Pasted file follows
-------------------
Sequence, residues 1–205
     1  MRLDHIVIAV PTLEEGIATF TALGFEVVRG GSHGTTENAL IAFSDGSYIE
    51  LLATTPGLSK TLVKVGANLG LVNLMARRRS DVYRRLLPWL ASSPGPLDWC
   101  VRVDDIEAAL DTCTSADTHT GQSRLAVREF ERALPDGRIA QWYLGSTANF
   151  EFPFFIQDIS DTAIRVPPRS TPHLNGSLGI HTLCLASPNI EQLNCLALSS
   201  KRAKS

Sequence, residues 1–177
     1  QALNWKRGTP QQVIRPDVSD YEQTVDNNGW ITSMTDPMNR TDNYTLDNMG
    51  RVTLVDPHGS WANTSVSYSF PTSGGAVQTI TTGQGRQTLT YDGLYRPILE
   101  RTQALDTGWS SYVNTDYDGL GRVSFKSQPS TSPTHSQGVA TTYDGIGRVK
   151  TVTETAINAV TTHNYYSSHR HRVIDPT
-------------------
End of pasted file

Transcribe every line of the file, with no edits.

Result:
Sequence, residues 1–205
     1  MRLDHIVIAV PTLEEGIATF TALGFEVVRG GSHGTTENAL IAFSDGSYIE
    51  LLATTPGLSK TLVKVGANLG LVNLMARRRS DVYRRLLPWL ASSPGPLDWC
   101  VRVDDIEAAL DTCTSADTHT GQSRLAVREF ERALPDGRIA QWYLGSTANF
   151  EFPFFIQDIS DTAIRVPPRS TPHLNGSLGI HTLCLASPNI EQLNCLALSS
   201  KRAKS

Sequence, residues 1–177
     1  QALNWKRGTP QQVIRPDVSD YEQTVDNNGW ITSMTDPMNR TDNYTLDNMG
    51  RVTLVDPHGS WANTSVSYSF PTSGGAVQTI TTGQGRQTLT YDGLYRPILE
   101  RTQALDTGWS SYVNTDYDGL GRVSFKSQPS TSPTHSQGVA TTYDGIGRVK
   151  TVTETAINAV TTHNYYSSHR HRVIDPT